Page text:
I’m an adopted son of Minneapolis. I came here almost 20 years ago to attend the University of Minnesota, and I never left. During the past decades, I’ve learned a few things about this place: The summers here are glorious after long, harsh winters. The neighbors in my multicultural community are always willing to lend each other a hand, shoveling snow from walks and clearing off cars.

I’ve also learned that one of the most popular sayings here — “Minnesota nice” — really only applies if you’re white.

If you are Black, not so much. If you are Black in Minneapolis, you are struggling to get by in a place where a third of Black residents live in poverty.

If you are Black, a police officer like Derek Chauvin can crush your neck with his knee for 8 minutes and 46 seconds, kill you and walk around free for a few days.

If you are Black in Minneapolis, people look at you with suspicion. Police ask you if you paid your $1.50 fare for the light rail, as happened to me once when I was riding with my white roommate. They didn’t ask him.

And if you are Black, a police officer like Derek Chauvin can crush your neck with his knee for 8 minutes and 46 seconds, kill you and walk around free for a few days.

I and thousands of peaceful protesters like me have walked the streets of our city to call on Mayor Jacob Frey and Gov. Tim Walz to charge all of the former police officers involved in the heinous death of George Floyd. Fired officer Chauvin, who kneeled on Floyd’s neck until after the pleading man lost consciousness, not only violated the department’s regulations on restraints, he violated a moral code. It is a good first step that Chauvin has been arrested on a third-degree murder charge, but what about his colleagues, who stood by and watched?

Chauvin is only the latest example of a systemic, brutal problem in my city. In November 2015, two police officers were involved in the shooting death of Jamar Clark, 24, which sparked weeks of protests. Neither was charged.

That is why we’ve chanted and marched through the streets — at times through clouds of stinging tear gas. Police in riot gear with smoke bombs at the ready have positioned their military-style assault weapons at me for chanting, “Hands up; don’t shoot.” I watched a tear gas canister explode in the face of one Somali girl — and watched a young Black man and a young Latinx woman rush to her aid and carry her to medics.

I was outside the 3rd Precinct on Thursday night when some protesters rushed into the building and set off fireworks inside.

What I want Americans to realize when they watch those images on TV is that they represent far more than the sum of the flames.

What I want Americans to realize when they watch those images on TV is that they represent far more than the sum of the flames. Years — decades — of frustration with a society and a system that consistently devalues their lives released with this one act.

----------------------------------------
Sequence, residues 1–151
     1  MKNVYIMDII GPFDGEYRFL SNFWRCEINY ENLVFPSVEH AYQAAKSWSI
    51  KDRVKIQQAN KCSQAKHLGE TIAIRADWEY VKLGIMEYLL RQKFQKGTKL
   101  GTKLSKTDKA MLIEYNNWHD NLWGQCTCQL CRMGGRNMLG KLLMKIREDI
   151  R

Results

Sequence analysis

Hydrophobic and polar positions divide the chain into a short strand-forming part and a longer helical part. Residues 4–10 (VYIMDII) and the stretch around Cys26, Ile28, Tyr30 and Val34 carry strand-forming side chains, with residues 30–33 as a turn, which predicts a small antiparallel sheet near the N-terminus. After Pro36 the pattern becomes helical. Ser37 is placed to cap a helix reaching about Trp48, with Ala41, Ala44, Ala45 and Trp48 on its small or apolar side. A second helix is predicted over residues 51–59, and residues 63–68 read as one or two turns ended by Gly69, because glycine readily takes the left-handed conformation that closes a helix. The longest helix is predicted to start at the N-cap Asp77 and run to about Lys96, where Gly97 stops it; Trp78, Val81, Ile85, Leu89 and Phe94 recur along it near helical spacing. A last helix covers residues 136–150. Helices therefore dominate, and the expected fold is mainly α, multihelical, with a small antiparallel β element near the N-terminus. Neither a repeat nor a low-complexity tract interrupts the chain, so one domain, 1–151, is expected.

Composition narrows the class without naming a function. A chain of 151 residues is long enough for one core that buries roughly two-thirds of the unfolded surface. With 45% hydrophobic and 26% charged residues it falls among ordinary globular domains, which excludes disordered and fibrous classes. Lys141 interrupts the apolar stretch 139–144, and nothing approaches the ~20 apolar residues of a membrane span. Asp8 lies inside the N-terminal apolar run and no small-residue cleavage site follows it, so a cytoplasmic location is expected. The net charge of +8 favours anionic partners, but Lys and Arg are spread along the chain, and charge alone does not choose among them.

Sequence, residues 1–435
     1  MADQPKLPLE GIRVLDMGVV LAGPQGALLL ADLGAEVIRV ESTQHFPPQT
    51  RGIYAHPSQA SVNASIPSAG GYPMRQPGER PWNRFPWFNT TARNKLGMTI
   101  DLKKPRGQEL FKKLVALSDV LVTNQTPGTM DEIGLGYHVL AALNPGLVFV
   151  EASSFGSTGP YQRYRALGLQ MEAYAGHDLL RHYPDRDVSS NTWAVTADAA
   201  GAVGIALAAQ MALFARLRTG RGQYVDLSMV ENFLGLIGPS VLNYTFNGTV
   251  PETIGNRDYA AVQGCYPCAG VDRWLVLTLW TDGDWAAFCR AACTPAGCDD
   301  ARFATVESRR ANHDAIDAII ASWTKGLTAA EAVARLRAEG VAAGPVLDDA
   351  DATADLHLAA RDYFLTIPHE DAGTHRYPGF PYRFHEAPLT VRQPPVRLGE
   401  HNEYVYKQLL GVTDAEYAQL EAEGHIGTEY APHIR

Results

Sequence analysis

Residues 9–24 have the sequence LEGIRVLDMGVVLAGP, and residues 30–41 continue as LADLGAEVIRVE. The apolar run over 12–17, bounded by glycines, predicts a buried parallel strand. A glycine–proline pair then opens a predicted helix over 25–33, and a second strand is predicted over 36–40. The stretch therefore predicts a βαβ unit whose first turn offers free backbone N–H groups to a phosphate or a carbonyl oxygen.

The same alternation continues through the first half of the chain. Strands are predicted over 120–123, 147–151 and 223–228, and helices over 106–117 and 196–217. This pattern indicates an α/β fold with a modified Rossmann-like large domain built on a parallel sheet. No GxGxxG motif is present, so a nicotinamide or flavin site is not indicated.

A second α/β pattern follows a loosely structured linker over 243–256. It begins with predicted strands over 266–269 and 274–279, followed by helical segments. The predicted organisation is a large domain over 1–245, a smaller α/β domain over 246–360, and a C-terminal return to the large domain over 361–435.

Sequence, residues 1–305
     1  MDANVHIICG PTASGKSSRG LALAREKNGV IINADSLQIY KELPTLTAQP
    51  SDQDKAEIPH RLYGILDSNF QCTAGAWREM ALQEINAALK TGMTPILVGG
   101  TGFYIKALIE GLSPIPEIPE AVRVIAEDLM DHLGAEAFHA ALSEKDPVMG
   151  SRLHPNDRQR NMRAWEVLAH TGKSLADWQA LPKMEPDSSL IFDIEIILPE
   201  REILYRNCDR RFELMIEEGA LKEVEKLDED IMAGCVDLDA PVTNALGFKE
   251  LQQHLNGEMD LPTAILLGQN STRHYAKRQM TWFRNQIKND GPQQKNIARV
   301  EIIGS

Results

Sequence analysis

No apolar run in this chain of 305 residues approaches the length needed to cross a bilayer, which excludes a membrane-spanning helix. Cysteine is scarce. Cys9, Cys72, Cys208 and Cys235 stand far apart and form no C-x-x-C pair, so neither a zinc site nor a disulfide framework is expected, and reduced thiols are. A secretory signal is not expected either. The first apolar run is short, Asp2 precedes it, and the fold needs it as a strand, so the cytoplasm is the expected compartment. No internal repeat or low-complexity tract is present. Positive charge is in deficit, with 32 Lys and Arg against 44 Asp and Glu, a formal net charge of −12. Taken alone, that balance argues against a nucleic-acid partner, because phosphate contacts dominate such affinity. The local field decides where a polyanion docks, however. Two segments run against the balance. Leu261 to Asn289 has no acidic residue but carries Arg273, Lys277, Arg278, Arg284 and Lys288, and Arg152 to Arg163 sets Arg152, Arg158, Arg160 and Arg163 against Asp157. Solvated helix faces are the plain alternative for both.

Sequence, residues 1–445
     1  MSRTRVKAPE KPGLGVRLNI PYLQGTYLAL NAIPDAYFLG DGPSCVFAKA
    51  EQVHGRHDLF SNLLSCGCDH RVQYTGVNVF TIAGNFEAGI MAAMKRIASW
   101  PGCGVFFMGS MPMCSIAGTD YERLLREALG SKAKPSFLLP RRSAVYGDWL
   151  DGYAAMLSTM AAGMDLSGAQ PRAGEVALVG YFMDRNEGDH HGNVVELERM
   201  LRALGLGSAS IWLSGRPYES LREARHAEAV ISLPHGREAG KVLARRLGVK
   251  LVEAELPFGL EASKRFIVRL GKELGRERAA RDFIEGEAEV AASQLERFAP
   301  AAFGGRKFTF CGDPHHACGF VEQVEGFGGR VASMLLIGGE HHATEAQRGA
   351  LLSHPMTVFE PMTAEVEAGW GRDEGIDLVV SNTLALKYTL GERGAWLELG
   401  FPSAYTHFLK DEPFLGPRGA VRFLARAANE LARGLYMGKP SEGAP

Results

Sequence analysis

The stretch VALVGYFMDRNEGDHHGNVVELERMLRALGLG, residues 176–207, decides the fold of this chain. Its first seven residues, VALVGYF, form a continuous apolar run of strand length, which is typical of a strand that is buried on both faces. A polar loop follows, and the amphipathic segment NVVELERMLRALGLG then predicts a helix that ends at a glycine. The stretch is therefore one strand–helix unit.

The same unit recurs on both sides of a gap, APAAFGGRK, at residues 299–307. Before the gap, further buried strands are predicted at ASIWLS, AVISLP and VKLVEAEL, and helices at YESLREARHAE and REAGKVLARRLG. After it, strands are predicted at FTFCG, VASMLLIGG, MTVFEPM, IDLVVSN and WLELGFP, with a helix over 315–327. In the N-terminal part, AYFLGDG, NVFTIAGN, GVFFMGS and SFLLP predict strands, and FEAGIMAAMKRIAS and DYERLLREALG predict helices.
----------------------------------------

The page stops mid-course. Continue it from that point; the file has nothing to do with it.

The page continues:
Outside the precinct, someone played Beyoncé and pockets of the crowd danced the Electric Slide.

Then the president tweeted. President Donald Trump called us “thugs” and repeated the racist words of a police chief in Miami bent on ending protests in the 1960s. Rumors circulated that armed white men were on their way to the protests. At that moment, there was no way to tell what was fact and what was rumor, because many of us could not access social media or make calls with our cell phones. I knew I had to go home, so that I could come back alive to protest another day.

As an organizer who works to mobilize voters — especially Black, brown, immigrant and young voters — I’m very familiar with Trump’s strategy. I saw it play out in Michigan over the last few weeks as Black people in Detroit and other cities died disproportionately of COVID-19. Instead of addressing the emergency this pandemic represents for communities of color, Trump threw a temper tantrum and called the governor names.

But these protests won’t end because of Trump’s racist, threatening Twitter tantrums. And they won’t end because Walz, a Democrat, rightly acknowledged on Friday the “generations of pain, of anguish” over racism in policing.

I am so tired of words, whether they are pablum or hateful rhetoric. What I and others who organize in communities of color, especially Black communities, that are struggling to make ends meet need are real changes and real action.

What I want Americans to realize when they watch those images on TV is that they represent far more than the sum of the flames.

We want deep investments in our neighborhoods. We urgently need to build a caring and inclusive economy. We want law enforcement to treat us with dignity, and we want local officials to show they value our lives by charging people — including police — when they wrongfully kill us.

“Minnesota nice” can be as noxious as the tear gas that has stung my eyes and burned my skin over the last few days. Amy Klobuchar, for example, the Democratic senator who personifies Minnesota nice, herself declined to charge police officers involved in shootings when she was a prosecutor. Everyone should scrutinize her record as her name is mentioned as a possible vice presidential running mate.

I am a 34-year-old man who knows that at any point I could be the next George Floyd. I could run out to the grocery store and run across the wrong police officer and find myself gasping for breath, calling for my mother.

That’s something I’ve learned after nearly two decades living in the “nice” Midwest. And that’s why I am a protester.

source: nbcnews.com

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